Hiking in Santa Fe:
Spring, summer, fall and even winter provides perfect days for hiking in Santa Fe. The weather is usually comfortably warm during the day and cools down nicely in the evenings. The dramatic colors of the vegetation and rocks add to the magic of hiking.
We can help you select a suitable hike based on your time availability, difficulty desired, time of year and weather. Some of our most popular hikes and walks include: the Santa Fe Riverside Park, the Randall Davey Audubon Center, trails off of Hyde Park Road (described below), Tent Rocks, Atalaya ridge, Diablo Canyon, and Bandelier.
Here’s an example of some hiking opportunities along Hyde Park road close to Santa Fe:
Beginning at Artist Road / Hyde Park Road, one has many options to hike and explore the outdoors. Just 2.7 miles up Hyde Park Road you will come to the Sierra del Norte portion of the Dale Ball Trail System. This elaborate network of trails contains over 22 miles of hiking and mountain biking routes. Because there are so many interconnected paths of various difficulty levels, the Dale Ball Trails are accommodating to everyone.
As you continue your way up Hyde Park Road, you’ll next come to the Chamisa Trail. This fairly easy trail is 5 miles round-trip and winds through evergreen forest, ending at a grassy meadow beside Tesuque Creek. September is particularly a perfect time to view the mass expanses of wildflowers in the area. Several birds, including hawks, ravens, and hummingbirds are also commonly seen along this trail.
After the Chamisa Trail, you’ll enter the Santa Fe National Forest and Hyde Memorial State Park. The hikes included in this area are the Hyde Park Circle, Borrego, and Bear Wallow trails. These routes are mostly forested with fir, aspens, and ponderosa pines. In addition to hiking, Hyde Park also has several places for picnics.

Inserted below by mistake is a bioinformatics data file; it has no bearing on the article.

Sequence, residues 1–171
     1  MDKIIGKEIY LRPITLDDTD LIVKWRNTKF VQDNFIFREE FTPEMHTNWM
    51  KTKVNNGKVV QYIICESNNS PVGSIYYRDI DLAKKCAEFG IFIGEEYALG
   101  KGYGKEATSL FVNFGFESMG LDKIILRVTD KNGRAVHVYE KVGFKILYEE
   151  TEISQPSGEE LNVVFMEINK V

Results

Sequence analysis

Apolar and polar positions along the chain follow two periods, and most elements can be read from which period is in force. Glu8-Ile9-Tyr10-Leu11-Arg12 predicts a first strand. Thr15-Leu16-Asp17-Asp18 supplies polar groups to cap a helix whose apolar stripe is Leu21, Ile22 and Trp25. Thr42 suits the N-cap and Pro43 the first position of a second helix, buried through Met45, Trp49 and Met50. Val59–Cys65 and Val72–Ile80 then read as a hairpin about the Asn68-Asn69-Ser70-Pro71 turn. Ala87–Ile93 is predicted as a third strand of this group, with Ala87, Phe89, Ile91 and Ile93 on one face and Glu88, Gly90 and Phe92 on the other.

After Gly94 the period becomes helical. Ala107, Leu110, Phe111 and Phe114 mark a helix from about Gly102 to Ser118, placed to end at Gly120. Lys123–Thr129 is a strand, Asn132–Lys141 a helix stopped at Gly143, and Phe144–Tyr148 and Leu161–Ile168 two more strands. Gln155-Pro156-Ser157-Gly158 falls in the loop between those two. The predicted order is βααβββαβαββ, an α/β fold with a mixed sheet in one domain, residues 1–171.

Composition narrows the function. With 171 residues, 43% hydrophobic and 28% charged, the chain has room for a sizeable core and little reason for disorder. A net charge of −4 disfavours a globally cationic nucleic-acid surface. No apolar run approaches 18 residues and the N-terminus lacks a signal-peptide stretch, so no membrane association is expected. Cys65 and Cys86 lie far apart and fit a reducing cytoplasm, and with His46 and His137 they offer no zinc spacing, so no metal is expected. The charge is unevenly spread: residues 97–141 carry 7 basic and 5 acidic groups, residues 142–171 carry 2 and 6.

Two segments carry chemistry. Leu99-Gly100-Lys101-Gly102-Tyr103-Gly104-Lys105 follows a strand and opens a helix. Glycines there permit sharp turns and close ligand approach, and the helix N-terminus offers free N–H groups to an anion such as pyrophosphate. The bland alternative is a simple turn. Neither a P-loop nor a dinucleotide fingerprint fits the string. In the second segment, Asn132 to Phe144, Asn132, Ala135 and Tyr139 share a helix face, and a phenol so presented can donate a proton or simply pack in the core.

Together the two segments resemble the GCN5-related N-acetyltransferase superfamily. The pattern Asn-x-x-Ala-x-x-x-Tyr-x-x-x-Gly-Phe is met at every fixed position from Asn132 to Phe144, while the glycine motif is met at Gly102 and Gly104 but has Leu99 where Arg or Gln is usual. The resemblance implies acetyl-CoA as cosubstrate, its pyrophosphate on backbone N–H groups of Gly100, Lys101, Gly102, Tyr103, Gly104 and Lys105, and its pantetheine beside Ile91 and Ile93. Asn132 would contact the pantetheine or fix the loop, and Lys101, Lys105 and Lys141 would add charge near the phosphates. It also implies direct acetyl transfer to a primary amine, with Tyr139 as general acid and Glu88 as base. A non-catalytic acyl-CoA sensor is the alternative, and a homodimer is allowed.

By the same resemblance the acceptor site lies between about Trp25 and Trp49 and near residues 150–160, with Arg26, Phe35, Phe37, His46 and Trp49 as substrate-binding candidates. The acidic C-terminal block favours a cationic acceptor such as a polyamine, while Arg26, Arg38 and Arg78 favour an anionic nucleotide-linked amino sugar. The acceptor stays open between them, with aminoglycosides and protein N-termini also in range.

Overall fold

Once you drive out of Hyde Park, you’ll come to the most popular trails, especially in the autumn, the Aspen Vista. Here is where you’ll truly be engulfed in the beauty of the aspen trees that turn bright golden in late September and early October. As you continue you’re drive towards the ski basin there are some incredible overlooks. These scenic spots are great photo opportunities.
Hyde Park Road ends at the Santa Fe Ski Basin. By now you have climbed nearly 5,000 feet in elevation! There are several more hikes that branch out from here. Many of these trails are for either a full day trip or are of a higher level of difficulty. Because of the high altitude, be sure to bring plenty of water and sunscreen. As you begin your descent down the mountains and into town, be sure to enjoy the new views of Santa Fe!